There is a growing trend
towards on-farm gilt
Hannah Velten reports on
the experiences of one
Norfolk-based unit as it looks
forward to its first litter of
grandparent gilt-bred piglets
AT HIS job interview, Peter Byrd said he would stop bringing in gilt replacements at ADAS Terrington if he became pig unit manager, to preserve its high health status and reduce replacement costs.
Finally, after three years, 24 grandparent gilts are settled on-farm. "As a research-based pig unit, the herd health status is paramount," explains Mr Byrd.
The 240-sow herd is free from pig wasting diseases, but does have quite high levels of enzootic pneumonia, which sows are vaccinated against, and blue ear disease. "But hopefully now the herd is closed, disease will lose its grip," he adds.
Originally the unit was buying in groups of 12 gilts/month at 90 days old. But Mr Byrd changed this to 24 gilts every two months, allowing a seven week isolation period, instead of three weeks.
However, during June 2000, one group of weaner gilts came down with PDNS after three days in isolation and were slaughtered. Because the isolation house was now contaminated, Mr Byrd found a local arable farmer to take in gilts, which added to replacement costs.
After a change in breeding company supplier at the end of 2000, another close health call occurred and then the final straw – foot-and-mouth.
After F&M, the breeding company told Mr Byrd they could not guarantee a supply of disease-free gilts, so it was agreed the herd should be nucleus maintained.
Five months ago, 12 pure Landrace grandparent gilts went into isolation and 12 more arrived a month ago. Each gilt is EP vaccinated and is blue ear positive to fit in with the herd disease profile. "Because these gilts are valuable, we are able to justify the cost of vaccinating them against clostridial diseases," adds Mr Byrd.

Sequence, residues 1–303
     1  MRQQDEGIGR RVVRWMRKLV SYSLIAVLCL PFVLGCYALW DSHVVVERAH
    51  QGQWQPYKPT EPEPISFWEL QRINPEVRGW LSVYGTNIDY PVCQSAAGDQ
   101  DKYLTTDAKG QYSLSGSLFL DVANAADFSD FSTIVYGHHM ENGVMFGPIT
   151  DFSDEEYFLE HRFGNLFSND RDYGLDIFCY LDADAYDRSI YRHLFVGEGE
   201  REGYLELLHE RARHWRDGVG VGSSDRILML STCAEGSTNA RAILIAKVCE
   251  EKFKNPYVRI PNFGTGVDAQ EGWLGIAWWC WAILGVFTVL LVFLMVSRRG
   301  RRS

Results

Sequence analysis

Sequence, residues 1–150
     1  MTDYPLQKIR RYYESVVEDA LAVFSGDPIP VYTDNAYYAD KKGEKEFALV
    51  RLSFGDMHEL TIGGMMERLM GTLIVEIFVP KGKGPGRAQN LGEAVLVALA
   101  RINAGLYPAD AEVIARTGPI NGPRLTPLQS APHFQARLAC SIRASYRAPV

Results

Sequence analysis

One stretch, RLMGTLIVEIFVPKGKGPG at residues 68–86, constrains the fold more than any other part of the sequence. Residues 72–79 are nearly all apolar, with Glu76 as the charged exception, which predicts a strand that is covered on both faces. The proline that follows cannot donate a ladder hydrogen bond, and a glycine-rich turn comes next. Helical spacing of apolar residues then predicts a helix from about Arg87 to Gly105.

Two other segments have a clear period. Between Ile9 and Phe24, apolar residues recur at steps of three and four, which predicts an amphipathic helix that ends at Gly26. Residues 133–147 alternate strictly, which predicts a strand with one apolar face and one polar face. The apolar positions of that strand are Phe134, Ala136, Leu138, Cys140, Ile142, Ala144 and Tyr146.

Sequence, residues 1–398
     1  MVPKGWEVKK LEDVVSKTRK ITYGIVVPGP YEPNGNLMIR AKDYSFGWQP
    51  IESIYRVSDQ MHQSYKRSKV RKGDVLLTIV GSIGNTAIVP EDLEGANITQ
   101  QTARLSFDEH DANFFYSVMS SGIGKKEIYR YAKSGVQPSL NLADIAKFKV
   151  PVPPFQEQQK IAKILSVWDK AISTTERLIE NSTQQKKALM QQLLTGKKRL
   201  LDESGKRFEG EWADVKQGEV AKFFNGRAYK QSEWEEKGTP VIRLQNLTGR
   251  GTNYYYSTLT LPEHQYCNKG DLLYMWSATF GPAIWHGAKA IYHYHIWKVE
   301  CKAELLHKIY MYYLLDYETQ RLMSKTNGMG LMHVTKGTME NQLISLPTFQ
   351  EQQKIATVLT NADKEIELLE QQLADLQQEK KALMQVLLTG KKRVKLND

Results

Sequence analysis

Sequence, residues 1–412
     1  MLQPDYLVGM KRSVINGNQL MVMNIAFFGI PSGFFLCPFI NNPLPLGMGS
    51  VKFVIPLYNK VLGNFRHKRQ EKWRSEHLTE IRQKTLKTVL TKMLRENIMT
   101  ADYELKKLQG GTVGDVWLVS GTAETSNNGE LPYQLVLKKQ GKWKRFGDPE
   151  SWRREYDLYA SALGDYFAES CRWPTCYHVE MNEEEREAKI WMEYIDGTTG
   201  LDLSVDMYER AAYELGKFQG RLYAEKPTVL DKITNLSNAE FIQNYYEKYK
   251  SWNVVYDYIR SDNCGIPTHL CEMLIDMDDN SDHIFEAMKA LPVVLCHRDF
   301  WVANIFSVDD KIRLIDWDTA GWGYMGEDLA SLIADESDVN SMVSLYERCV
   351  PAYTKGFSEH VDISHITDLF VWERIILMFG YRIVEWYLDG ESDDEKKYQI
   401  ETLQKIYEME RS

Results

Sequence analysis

Each batch contains six older and six younger gilts at 100kg and 80kg, respectively. "We decided on a wide age range within the group to avoid bringing in more batches.
"Because our dry sows are kept in groups of six, we are able to serve six gilts a month over four months, allowing us to slot them into the five month breeding cycle at the right age, when culls are removed." Oestrus is naturally synchronised to enable gilts to farrow together, he adds.
Nucleus gilts/sows are served with pure Landrace semen, so the unit should never have to bring in grandparent gilts again. The commercial sows are inseminated with dam-line Large White semen to produce F1 replacements.
Because grandparent sows are not managed separately from F1 production sows, its essential nucleus females are identifiable. "All production sows are double ear tagged with yellow tags and nucleus sows with blue tags."
To prevent muddles, which could lead to nucleus replacements being slaughtered as baconers, no female piglets are transferred onto nucleus litters and all nucleus females have a notch made in one ear tip. When older, nucleus replacement gilts will have a red tag inserted.
Rather than understocking weaner and grower pens, all nucleus females will stay within the existing management system. "They will not be molly-coddled, otherwise we will lose production. Hopefully, after exposure to unit diseases and housing types we will end up with well-adapted, strong breeding gilts.
"Groups of six will be selected from the bacon house at 70kg and put onto a gilt breeder ration for 4-8 weeks before service. Replacements will be selected based on growth rate, legs, teats and temperament."
Mr Byrd says the nucleus gilts have caused no problems and financially they provide a cheaper replacement option – an estimated £5000/year saving on bought-in gilts.
Under their contract, a grandparent gilt costs the same as a commercial F1 and now the only outlay is a royalty for semen used on each sow place. "We have no isolation costs. It is cheaper to feed nucleus female piglets to weaning than buy them in as weaners and our reject nucleus-bred females and boars outperform the other slaughter pigs." *
Left: The 24 grandparent gilts will provide replacements for the nucleus herd, dramatically reducing
the number of
Below: Because grandparent gilts will
be managed alongside
F1 production sows, tagging nucleus females is essential,
says Peter Byrd.
• Reduce imported disease.
• Tagging to prevent muddle.
• Justify costs of vaccination.